Landlords and agents should not be lulled into a sense of false security just because the new legal requirements for deposit protection allow a 30-day period to supply proof of deposit registration to the tenant instead of 14 days as from next week – April 6.
The warning has come from the Tenancy Deposit Scheme.
The new regulations provide for the landlord to be sued on Day 31 for between one and three times the value of the deposit if the deposit has not been registered nor the prescribed information provided.
To help prevent this happening, the TDS has issued plain English answers to all the important questions thrown up by the changes this Easter when the Localism Act comes into force.
After summarising the changes, the Scheme’s answers to FAQs about the new regulations cover whether or not the changes are retrospective, the penalties for missing the new deadlines, renewals, relevant persons and what happens with running tenancies, among the other points to be understood.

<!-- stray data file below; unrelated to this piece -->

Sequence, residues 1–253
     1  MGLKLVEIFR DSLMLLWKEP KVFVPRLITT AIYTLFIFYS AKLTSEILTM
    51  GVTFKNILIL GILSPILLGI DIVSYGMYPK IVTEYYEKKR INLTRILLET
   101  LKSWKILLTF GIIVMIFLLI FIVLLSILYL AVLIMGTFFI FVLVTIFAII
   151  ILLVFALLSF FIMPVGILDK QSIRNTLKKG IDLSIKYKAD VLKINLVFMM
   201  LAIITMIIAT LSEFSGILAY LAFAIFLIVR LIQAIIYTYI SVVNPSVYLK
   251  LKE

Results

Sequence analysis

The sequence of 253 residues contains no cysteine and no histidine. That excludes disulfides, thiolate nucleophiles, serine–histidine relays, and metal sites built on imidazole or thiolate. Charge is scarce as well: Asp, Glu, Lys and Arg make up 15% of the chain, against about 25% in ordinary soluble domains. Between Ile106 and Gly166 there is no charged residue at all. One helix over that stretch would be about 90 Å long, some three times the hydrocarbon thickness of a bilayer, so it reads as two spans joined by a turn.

“The new provisions for tenancy deposit protection are welcome,” said Steve Harriott, TDS chief executive. “But the extra time for registration is not a licence for landlords and agents to ignore the law. It means that the anomalies in the original Act have now been straightened out to everyone’s benefit.”
Despite the extra time allowed to register deposits, in addition to the courts ordering payments of between one and three times the values of the deposit to the tenants, tenants can claim these payments after they have left the property.
The plain English answers to the new provisions for deposit protection can be found at: